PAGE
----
Nonprofit helps those who suffer rare and undiagnosed diseases
Park City’s Gina Szajnuk should be living the dream.
Her husband Justin Zanik is the assistant manager for the Utah Jazz and, together, they have three children, Ava, 8, Oskar, 6, and Lucy, 4.
The problem is that she and her children suffer from serious ailments that remain undiagnosed.
The family has been to seven hospitals in four states and has seen more than 50 specialists but to no avail. No one can pinpoint what is causing the ailments and how to treat them.
"This is what we call the ‘diagnostic odyssey,’" Szajnuk said during an emotional interview with The Park Record. "Our odyssey has spanned more than five years."
Adding to the load is the financial burden that can’t be lifted because undiagnosed patients are excluded from receiving money to help with their medical expenses.
"I don’t think people understand what the undiagnosed community is going through," Szajnuk said. "The financial hardship of having four people in one family living in a diagnostic odyssey is overwhelming, so you can only imagine what other families are going through. Things have to change financially and emotionally."
This is the main reason Szajnuk co-founded and serves as executive director of the Rare and Undiagnosed Network (RUN), a nonprofit that offers emotional and financial help to families whose members live with a rare or undiagnosed disease.
"RUN gives families a voice by sharing their stories," Szajnuk said. "RUN aspires to provide strategic and effective resources for support, diagnosis, and treatment of rare and undiagnosed diseases as well as to set the standard of care for all families on a diagnostic odyssey by making whole genome sequencing available to them through their insurance company."
Undiagnosed diseases also fall under the rare-disease umbrella, yet, many people who are undiagnosed and suffering can’t apply for certain financial aid and benefits and websites because they lack diagnosis, according to Szajnuk.
"We are trying to change that thought process," she said. "We want people to recognize that we are diagnosed because we are undiagnosed."
To help these families, RUN is partnering with Papa Murphy’s Pizza in Park City and its owner Michael Lasater to raise funds for RUN. Through May 1, Papa Murphy’s will donate 20 percent of sales to RUN.
"I’ve never solicited for funds because I’m a little intimidated of asking people for money for RUN," Szajnuk said. "The one time our family has fun is on Friday nights when we get our pizzas and since we go to Papa Murphy’s every week, I thought this would be an easy introduction. And Michael has been so supportive."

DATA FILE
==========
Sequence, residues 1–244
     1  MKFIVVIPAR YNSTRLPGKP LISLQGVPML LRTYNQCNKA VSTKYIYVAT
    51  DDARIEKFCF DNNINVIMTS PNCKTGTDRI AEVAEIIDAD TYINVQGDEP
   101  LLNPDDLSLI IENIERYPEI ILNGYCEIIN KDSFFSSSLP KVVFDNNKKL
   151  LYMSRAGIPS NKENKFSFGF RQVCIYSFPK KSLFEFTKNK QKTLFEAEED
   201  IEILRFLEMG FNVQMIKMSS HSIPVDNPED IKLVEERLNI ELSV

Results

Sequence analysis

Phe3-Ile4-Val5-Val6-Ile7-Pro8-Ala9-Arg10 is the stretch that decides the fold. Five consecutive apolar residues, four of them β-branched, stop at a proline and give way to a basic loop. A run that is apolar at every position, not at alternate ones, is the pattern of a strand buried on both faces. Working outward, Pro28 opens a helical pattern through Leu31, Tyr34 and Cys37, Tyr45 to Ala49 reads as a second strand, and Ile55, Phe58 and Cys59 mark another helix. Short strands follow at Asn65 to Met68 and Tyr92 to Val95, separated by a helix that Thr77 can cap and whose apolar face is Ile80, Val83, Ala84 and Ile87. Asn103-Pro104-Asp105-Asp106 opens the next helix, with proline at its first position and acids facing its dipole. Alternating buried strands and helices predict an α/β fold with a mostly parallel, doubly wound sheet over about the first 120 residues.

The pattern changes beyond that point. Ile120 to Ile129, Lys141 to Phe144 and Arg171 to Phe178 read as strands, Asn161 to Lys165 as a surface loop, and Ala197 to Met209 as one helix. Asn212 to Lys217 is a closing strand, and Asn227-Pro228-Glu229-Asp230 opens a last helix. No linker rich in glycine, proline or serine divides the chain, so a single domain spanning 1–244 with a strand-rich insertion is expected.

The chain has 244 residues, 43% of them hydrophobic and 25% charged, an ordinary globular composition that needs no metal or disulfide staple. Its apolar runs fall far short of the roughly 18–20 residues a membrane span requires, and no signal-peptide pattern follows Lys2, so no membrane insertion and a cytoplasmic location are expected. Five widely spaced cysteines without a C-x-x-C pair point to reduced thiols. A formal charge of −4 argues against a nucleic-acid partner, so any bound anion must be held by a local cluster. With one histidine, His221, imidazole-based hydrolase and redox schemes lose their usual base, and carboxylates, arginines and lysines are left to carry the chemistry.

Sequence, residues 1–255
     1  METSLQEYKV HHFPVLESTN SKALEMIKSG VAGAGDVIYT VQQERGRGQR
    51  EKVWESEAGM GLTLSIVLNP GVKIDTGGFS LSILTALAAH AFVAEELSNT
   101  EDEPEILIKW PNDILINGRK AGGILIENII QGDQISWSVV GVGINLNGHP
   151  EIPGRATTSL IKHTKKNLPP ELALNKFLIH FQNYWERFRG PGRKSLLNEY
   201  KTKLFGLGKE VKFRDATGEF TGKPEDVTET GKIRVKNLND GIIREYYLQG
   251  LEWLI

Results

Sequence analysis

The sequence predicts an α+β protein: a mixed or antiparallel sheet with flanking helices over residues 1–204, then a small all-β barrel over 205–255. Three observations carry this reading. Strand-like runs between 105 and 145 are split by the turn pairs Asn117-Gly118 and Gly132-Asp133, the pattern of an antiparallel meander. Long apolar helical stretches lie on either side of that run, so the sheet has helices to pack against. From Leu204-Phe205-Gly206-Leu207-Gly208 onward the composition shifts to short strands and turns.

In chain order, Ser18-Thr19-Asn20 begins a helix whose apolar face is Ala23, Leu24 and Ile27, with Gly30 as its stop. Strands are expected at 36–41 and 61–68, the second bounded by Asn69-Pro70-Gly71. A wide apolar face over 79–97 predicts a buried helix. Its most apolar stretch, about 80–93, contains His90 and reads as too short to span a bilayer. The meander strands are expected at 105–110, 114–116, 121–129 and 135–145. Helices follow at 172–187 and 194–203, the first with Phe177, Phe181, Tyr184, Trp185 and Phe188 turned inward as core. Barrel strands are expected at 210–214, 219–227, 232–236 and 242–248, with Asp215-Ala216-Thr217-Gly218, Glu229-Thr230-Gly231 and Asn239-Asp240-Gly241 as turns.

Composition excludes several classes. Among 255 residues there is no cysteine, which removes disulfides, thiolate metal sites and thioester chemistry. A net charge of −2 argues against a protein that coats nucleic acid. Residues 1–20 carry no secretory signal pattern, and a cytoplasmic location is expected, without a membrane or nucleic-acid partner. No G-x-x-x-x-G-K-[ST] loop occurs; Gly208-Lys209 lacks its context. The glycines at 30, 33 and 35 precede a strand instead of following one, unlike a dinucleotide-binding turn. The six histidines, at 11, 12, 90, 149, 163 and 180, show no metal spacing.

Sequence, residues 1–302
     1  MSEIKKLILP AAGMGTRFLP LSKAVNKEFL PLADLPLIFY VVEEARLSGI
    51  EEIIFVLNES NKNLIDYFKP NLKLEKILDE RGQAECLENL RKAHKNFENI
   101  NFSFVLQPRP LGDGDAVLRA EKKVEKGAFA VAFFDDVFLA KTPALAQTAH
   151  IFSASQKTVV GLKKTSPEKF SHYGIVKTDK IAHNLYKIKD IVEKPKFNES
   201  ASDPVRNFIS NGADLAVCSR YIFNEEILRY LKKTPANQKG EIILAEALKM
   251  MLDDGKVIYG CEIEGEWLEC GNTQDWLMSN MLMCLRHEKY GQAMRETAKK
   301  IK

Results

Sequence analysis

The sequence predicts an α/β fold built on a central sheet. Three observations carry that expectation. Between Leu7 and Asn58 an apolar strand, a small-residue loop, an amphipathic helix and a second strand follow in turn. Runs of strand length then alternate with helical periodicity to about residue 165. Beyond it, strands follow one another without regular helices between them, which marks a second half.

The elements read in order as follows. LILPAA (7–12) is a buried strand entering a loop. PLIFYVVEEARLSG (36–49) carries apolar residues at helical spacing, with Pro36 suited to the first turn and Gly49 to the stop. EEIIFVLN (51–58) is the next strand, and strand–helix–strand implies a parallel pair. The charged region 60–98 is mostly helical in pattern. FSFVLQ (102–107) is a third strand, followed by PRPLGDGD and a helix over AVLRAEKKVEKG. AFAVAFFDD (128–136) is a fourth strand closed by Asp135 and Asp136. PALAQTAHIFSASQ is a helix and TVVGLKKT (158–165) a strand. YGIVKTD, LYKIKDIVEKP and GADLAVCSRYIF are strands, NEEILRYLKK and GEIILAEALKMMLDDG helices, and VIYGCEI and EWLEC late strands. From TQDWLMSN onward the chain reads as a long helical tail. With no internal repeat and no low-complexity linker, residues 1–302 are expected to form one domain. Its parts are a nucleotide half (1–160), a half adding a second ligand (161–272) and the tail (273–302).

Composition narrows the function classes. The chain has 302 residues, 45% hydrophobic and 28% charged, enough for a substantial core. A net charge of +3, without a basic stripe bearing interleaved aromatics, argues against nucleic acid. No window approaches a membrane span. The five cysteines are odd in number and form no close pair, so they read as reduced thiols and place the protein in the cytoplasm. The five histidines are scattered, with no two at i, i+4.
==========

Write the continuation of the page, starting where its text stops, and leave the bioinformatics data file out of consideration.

The money will help with a couple of RUN programs.
"We’re going to have an event at the National Ability Center on May 14 for these undiagnosed families," Szajnuk said. "While the NAC is donating the activities, we need to come up with the food and drinks. So, we’re hoping some of the money raised will help with that."
The money will also help the families pay for medical bills.
"Many of these families have racked up a lot because of the services they need," Szajnuk said. "So, this is for all of the other families that need help financially."
In addition to the fundraiser, RUN will observe an Undiagnosed Day on Friday, April 29.
"Undiagnosed Day is a day to recognize that being undiagnosed is a diagnosis," Szajnuk explained. "We have a lot of families that call this the diagnostic odyssey and it takes an average of seven years of seeing doctors and specialists until some of them get a diagnosis. Many still don’t and they get lost in the system."
Undiagnosed Day, which was proclaimed by Governor Gary Herbert, is intended to raise awareness.
"We are trying to get a social media and national campaign started," Szajnuk said. "There is a lot out there that needs to be changed for families that live without a diagnosis."
Raising awareness is also a way for the undiagnosed to get their feet in the door of genome sequencing, which is a laboratory process that determines the complete DNA sequence of an organism’s genetic material at a single time.
"We have come out of the walls of the hospitals and into the world of genetics to find our answers," Szajnuk said. "We’re trying to raise the awareness so after we see three doctors, we can have someplace to turn. We want to get the standard of care changed so people don’t have to go all over the place."
As of now, the undiagnosed community falls in the rare-disease category, but are still unaccounted for.
"0ne in 10, which is 290,000 Utahns, and 30 million people in the United States have been diagnosed with a rare disease, and 350 million people in the world live with rare diseases," Szajnuk said. "Those numbers don’t include the undiagnosed community because no one has done that survey. This is why we need to be our own community so we can have numbers to report so we can receive help and funding."
In addition to RUN, Szajnuk is the Utah state ambassador for National Organization for Rare Disorders (NORD) and 2016 chairwoman for the rate disease advocacy group Utah Rare.
"I’ve been able to provide emotional support and be a platform for their voices, but there is a lot more that needs to be done," she said. "There are more and more people who are becoming undiagnosed.
"I have my own family, but also my rare-and-undiagnosed family and I would go to the ends of the Earth for them," she said. "They’re in my heart every day and raising awareness for them and their journeys is something that has to be done."
For more information about Rare and Undiagnosed Network and Undiagnosed Day, visit rareundiagnosed.org .
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Park City High School sophomore Emily Bronstein founded the Seraphine Project that helps at-risk teens in Zimbabwe and Zambia.